George Harrison became interested in Eastern religion and mysticism when he played sitar on the set of The Beatles’ 1965 movie Help!, and when he received a book on Hinduism on a beach in the Bahamas.This interest led to a number of visits to India and a lifelong friendship with sitar master Ravi
Shankar. In 1967, he and his fellow Beatles met with the Maharishi Mahesh Yogi and, early the following year, they all headed off to Rishikesh to study with the Transcendental Meditation guru.
George was already aware of the devotees of Krishna before meeting the movement’s leader, A.C Bhaktivedanta Swami Prabhupada, and had purchased 20 copies of the Happening album, the first recording by Swami Prabhupada and his disciples. But it wasn’t until 1969 that George met Shyamasundara dasa in the London offices of Apple Records, The Beatles’ record company. “Where have you been? I’ve been waiting two years to meet you fellas,” was how he greeted the devotee. Shyamasundara and five others had come to London to start a branch of ISKCON and they had sent apple pies and clockwork apples with the Hare Krishna mantra written on them to the Apple headquarters. This initial meeting led to the recording of “Hare Krishna Mantra”, credited to Radha Krishna Temple (London), with George and apparently Paul and Linda McCartney and Ginger Baker all in the studio helping. George produced the song and further recordings, as well as attending an Apple-organised press conference for the Temple in a park at Sydenham, south London, and their appearance on BBC-TV’s Top of the Pops, where they performed “Hare Krishna Mantra” (although he did not appear in front of the cameras). The single reached the charts in twenty countries, doing particularly well in Czechoslovakia and Germany, and was even sung one afternoon by 40,000 people at Wembley. Author Peter Lavezzoli has described the Harrison-assisted success of “Hare Krishna Mantra” as “an astonishing feat”. Swami Prabhupada made a deep impression on George: “Most of these yogis say ‘Look at me, I am the divine incarnation, let me help you,'” he explained. “Prabhupada said: ‘I am the servant of the servant of the servant.'” When George once asked Srila Prabhupada if he should also shave his head and join the temple, Prabhupada replied that he could do more for Krishna through his music. Many years previously, the great-grandfather of the Hare Krishna movement, Bhaktivinode Thakur, had predicted a day when the Maha Mantra and songs of Krishna would be sung throughout the world in the local musical style and in the local language. George would be one of the first to help towards making that prediction come true. When Prabhupada heard George’s orchestrated version of the Govindam prayers for the first time, he was moved to tears and asked for it to be played every morning in each of the movement’s temples, which still happens to this day.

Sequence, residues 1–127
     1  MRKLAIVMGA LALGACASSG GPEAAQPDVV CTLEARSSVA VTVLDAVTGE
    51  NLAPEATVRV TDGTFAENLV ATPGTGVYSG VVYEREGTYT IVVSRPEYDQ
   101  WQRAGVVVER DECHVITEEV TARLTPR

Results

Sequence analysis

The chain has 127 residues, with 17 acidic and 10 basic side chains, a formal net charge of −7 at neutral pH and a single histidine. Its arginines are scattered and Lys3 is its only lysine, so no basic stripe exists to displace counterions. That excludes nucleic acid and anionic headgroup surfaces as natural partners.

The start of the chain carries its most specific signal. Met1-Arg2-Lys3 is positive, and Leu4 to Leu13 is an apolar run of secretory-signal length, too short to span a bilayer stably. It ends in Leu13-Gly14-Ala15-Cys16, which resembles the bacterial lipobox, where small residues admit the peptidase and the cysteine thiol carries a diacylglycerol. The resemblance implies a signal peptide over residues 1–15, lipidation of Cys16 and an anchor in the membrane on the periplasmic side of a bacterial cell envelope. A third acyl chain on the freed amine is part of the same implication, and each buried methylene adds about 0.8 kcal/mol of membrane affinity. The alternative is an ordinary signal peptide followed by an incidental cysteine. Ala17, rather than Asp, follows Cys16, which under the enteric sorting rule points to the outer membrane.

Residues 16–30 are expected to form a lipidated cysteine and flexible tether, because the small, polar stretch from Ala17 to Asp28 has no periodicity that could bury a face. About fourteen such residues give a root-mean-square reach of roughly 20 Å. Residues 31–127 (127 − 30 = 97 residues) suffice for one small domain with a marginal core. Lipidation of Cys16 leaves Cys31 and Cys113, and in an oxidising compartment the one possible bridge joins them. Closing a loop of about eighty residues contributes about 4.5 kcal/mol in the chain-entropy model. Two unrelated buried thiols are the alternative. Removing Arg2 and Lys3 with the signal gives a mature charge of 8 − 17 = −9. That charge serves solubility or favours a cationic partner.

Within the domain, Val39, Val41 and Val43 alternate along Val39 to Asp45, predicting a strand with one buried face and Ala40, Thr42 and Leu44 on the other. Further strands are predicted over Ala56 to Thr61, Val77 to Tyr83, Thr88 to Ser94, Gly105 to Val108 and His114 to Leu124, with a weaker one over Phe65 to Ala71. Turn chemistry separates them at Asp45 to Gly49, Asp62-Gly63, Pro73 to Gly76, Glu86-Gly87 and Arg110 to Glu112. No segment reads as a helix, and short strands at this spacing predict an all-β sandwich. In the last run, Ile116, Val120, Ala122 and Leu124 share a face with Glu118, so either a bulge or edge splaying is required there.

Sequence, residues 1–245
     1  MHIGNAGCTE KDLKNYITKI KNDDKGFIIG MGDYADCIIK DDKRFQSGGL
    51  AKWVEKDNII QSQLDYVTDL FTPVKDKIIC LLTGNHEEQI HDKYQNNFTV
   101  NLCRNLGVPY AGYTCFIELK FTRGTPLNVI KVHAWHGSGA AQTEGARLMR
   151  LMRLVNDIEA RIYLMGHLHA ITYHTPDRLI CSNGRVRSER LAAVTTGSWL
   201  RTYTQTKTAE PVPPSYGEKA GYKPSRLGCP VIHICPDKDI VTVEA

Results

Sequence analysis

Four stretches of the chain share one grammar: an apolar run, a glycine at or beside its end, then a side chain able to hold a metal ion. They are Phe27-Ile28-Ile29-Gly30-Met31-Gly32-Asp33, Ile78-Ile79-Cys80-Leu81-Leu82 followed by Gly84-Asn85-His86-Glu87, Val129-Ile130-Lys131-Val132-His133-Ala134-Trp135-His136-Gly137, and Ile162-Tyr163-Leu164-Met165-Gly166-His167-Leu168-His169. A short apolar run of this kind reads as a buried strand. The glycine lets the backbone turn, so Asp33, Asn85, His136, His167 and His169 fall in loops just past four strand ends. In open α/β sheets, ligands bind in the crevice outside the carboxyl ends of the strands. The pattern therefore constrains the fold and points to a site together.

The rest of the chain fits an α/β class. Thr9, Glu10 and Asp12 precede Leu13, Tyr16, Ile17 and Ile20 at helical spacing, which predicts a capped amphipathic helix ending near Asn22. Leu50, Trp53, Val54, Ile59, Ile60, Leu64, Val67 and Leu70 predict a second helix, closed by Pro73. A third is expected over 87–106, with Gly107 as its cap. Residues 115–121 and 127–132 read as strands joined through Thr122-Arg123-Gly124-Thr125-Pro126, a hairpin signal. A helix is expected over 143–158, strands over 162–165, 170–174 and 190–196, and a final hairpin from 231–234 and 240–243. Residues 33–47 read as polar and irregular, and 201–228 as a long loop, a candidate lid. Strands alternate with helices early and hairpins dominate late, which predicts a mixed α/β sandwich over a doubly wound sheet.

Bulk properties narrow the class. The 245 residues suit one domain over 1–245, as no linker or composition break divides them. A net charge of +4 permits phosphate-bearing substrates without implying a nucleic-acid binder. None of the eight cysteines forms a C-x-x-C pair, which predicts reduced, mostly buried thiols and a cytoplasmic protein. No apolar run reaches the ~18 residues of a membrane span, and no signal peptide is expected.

Srila Prabhupada once remarked that George Harrison was “more” than his disciple. During his final earthly pastimes in Vrindavan, 1977, Prabhupada took off his gold ring and requested that it be given to George. Due to his sincere and influential devotional service, George Harrison had pleased Lord Krsna’s pure devotee, Srila Prabhupada.
“The relationship between Srila Prabhupada and George Harrison was very close, and Srila Prabhupada regarded George as his son. When Bhaktivedanta Manor was donated, Srila Prabhupada said of George, ‘Because he has given shelter to Krsna by providing this temple, Krsna will surely provide shelter for him.’ Just before Srila Prabhupada left this world in 1977, he removed the ring on his right hand and said to the disciples around him, ‘This is for George, give it to him.'”
Srila Prabhupada appreciated George Harrison’s humility and how he sincerely tried his best to utilize his God-given talents to spread the Hare Krsna mantra all over the world. He was bold and convinced in his devotion. Tribhuvannatha Prabhu used to see him quite regularly, and often said that George was very grateful and humble in his dealings. He especially liked prasadam, and never made a fuss about being an important rock star or drew attention to himself. In fact, when he attended public events at the temple, he remained quiet and unassuming. At other times, he was often seen chanting Hare Krsna sincerely on his japa beads.
Many devotees joined the Hare Krsna movement at least in part because of George Harrison. He legitimized Hare Krsna and Indian culture in the West because of his exalted status of being in The Beatles.
George Harrison was a devotee of Lord Krsna who Srila Prabhupada once referred to as his “uninitiated disciple.” He was a devotee at heart — an individual who had the courage of his conviction along with an order from Srila Prabhupada to spread the Hare Krsna mantra worldwide. A true success story and a life well lived. Thank you, George. You’re dearly loved and appreciated by so many all over the world.